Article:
Let the ELF Note Everything
Workload: 114 lines of code
Important System-Calls: pty(7), termios(3)
- Dec. 7: Select a Gift file 110 lines [select(2)]
Being Santa is a quite busy occupation, especially in December. Therefore, he is eager to delegate as many chores as possible to his hardworking ELFs. For this, he shows the respective ELFs how the task is done once and the ELF has to scribble down everything step-by-step. Nevertheless, even in this tutorial for the intended work flow, Santa is so fast that even the fastest ELF cannot handle to write everything down in time. Can you help the ELFs to build something that automatically notes all the commands Santa issues during the tutorial session?
Unix was developed in a time, where computer terminals like the VT05 where the new and shiny gadgets that replaced the teletype writer (hence tty). In short tele-typewriters where typewriters connected to the telephone system. For an early Unix user, it was quite normal to log into the machine via telephone on his typewriter, where his strokes where send via telephone to the machine, where it was fed as standard input to the remote process. The process wrote something on its stdout, which was send via the telephone line to the teletypewriter, which printed the output. This setup also explains why the ed(1) editor is line-oriented; vi, with its visual editing features, made only sense after computer terminals evolved. Despite this short historic digression, we learn that (1) interactive processes on Unix speak to (teletype or computer) terminals and (2) the connection is bi-directional.
Probably, you do not have a real computer terminal in hardware at home, but still you are using abstractions that are based on this idea of the teletypewriter: the pseudo teletypewriters (pty(7)), which is another inter-process primitive of Unix systems. In contrast to pipes, which are only uni-directional, a pty is a pair of bi-directional file descriptors. This means that every end can write and read on its end of the pty. Furthermore, to make the illusion of teletypes even more perfect, both ends are not equal, but there is a primary and a secondary end, and we can manipulate the behavior (echo input, flow control) only at the primary end.
For your terminal emulator (e.g. xterm(1)), the emulator creates a new pty pair and gives the secondary fd to a new shell process as
stderr. Afterwards, xterm reads the outputs from the primary fd and displays it in its graphical window. Keystrokes are then written to the primary fd. Also, xterm implements flow control: With
Ctrl-s you can stop the output and resume it again with
Ctrl-q. If you list the directory
/proc/self/fd, you get a glimpse on the file-descriptor setup of an interactive process:
$ ls /proc/self/fd -l total 0 lrwx------ 1 stettberger stettberger 64 Oct 7 10:31 0 -> /dev/pts/3 lrwx------ 1 stettberger stettberger 64 Oct 7 10:31 1 -> /dev/pts/3 lrwx------ 1 stettberger stettberger 64 Oct 7 10:31 2 -> /dev/pts/3 lr-x------ 1 stettberger stettberger 64 Oct 7 10:31 3 -> /proc/1471637/fd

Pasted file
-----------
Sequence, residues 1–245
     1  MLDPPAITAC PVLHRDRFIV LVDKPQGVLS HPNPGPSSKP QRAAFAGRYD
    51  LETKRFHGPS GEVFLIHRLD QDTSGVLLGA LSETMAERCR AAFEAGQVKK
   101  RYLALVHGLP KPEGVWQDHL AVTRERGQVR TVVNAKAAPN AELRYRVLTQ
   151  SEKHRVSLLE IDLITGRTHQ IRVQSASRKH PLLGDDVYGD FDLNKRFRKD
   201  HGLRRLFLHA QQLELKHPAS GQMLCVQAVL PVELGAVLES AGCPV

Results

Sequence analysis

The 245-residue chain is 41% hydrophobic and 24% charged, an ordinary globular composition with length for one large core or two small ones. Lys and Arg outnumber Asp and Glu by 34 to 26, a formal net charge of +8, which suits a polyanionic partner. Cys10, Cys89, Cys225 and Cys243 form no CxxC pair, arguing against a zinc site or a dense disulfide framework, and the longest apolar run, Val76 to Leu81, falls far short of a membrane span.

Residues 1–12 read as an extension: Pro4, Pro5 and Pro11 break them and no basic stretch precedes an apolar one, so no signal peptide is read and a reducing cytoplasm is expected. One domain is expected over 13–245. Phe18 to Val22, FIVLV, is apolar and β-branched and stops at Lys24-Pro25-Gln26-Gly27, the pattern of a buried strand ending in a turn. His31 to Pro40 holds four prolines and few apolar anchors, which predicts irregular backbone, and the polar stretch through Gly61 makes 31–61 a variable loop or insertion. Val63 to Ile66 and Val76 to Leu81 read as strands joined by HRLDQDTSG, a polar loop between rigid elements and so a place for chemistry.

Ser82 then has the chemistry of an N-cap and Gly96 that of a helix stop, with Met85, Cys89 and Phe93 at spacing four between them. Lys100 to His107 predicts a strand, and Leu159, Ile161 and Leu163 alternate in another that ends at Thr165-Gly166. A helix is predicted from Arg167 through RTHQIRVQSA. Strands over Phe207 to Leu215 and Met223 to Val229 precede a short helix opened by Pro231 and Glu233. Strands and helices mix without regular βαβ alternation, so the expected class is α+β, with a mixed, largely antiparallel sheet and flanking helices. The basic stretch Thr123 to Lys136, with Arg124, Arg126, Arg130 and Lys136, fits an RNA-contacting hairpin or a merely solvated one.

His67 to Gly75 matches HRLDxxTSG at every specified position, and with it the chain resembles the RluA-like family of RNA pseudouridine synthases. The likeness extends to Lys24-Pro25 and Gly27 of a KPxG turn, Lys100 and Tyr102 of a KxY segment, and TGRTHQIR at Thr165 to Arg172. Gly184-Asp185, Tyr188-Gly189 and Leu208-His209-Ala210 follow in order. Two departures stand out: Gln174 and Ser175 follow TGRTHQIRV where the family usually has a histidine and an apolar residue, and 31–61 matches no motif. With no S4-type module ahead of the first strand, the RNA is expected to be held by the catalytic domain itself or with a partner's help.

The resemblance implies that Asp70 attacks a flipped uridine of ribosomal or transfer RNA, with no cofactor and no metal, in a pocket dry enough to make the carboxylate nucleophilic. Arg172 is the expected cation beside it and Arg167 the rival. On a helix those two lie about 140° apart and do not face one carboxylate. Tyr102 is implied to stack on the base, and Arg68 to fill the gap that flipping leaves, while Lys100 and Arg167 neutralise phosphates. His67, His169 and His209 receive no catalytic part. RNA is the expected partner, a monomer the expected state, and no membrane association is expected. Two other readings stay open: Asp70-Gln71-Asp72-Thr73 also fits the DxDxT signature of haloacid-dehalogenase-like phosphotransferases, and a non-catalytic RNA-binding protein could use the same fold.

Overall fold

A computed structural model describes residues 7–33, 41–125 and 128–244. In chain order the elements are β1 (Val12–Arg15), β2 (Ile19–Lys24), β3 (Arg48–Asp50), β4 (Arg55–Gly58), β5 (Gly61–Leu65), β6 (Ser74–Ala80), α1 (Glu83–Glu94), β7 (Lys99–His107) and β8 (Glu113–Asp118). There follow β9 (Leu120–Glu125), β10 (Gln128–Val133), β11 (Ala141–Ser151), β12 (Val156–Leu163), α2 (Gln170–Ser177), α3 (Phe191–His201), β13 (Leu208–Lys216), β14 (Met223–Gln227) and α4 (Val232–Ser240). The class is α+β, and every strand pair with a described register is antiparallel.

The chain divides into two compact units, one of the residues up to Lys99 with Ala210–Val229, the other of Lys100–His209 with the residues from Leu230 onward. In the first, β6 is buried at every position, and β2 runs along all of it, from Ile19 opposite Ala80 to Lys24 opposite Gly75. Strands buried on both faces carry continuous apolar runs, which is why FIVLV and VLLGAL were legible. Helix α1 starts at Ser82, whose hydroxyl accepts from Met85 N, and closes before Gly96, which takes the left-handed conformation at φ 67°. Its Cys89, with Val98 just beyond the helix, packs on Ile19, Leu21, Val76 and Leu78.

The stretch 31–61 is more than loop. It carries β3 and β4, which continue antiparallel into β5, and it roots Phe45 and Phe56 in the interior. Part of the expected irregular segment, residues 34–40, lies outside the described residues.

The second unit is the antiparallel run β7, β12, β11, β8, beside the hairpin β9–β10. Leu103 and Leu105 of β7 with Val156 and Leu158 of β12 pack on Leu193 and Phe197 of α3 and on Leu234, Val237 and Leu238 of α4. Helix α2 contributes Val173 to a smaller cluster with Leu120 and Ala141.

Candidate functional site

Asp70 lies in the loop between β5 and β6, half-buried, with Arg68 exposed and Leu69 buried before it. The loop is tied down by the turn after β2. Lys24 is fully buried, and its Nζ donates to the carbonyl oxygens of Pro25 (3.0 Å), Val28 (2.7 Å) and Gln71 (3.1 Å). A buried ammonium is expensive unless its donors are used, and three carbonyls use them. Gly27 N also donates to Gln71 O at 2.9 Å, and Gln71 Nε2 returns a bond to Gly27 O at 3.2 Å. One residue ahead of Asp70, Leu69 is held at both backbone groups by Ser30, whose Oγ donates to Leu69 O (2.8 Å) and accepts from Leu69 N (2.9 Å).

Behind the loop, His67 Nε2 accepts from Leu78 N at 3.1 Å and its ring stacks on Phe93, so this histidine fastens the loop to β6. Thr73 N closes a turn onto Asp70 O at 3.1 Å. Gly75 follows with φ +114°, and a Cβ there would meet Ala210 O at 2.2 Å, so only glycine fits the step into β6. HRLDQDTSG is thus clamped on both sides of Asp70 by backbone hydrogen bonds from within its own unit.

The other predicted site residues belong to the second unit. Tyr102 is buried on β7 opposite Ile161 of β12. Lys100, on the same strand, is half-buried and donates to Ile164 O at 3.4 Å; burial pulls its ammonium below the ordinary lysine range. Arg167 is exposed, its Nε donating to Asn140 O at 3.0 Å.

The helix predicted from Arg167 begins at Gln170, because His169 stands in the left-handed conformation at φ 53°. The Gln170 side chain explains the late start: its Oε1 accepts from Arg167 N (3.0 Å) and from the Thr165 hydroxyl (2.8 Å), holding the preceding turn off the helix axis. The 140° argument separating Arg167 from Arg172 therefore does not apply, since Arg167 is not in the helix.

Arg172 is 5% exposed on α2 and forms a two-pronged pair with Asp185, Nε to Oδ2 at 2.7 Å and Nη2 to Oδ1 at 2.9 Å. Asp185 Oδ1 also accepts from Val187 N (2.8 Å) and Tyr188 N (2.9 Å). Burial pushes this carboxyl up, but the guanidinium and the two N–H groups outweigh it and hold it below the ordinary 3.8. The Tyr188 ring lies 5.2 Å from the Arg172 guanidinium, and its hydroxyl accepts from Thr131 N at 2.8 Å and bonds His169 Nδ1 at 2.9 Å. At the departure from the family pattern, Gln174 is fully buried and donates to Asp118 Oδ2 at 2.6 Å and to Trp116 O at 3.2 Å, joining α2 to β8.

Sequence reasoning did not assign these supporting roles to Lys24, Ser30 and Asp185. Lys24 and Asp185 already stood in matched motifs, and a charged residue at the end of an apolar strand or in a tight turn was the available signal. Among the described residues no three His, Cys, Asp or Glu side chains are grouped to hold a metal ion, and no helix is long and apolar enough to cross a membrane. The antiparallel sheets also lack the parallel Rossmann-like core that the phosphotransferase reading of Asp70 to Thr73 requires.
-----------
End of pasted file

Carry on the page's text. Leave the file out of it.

We see here, that the file descriptors 0-2 all point to the secondary pseudo terminal file
/dev/pts/3. Please also note that the
ls-process, whose open file descriptors we see here, has the directory
/proc/1471637/fd opened to read out the directory listing with getdents().
scribble program that acts as a proxy for another program's standard input and output. Everything the user types into stdin,
scribble sends to its child process's stdin but also notes it in a separate file. Similar,
scribble also dumps everything it receives from the child to another file before writing it to its stdout. All in all,
scribble is very similar to the tool script(1), but much simpler.
An example session could look like this:
$ ./scribble STDOUT STDIN python3 :( primary=5, pts=/dev/pts/4, secondary=6 child pid=1469331 Python 3.10.5 (main, Jun 8 2022, 09:26:22) [GCC 11.3.0] on linux Type "help", "copyright", "credits" or "license" for more information. >>> 1+1 2 >>> 2+2 4 >>> child process exited with: 0
For this session, the STDIN file would then contain:
and the STDOUT file:
Python 3.10.5 (main, Jun 8 2022, 09:26:22) [GCC 11.3.0] on linux Type "help", "copyright", "credits" or "license" for more information. >>> 1+1 2 >>> 2+2 4 >>>
Please note, that
2+2 appear twice, since the terminal echoes the typed-in commands.
- Use two copy-and-dump threads, one for each direction (terminal to stdin, stdout to terminal) instead of trying to do everything in a non-blocking,
O_NOCTTY, when opening
- When having the primary end of the pty in your hand, use
TIOCGPTNto deduce the pseudo-terminal number. Also, you have to unlock the primary fd, before using it (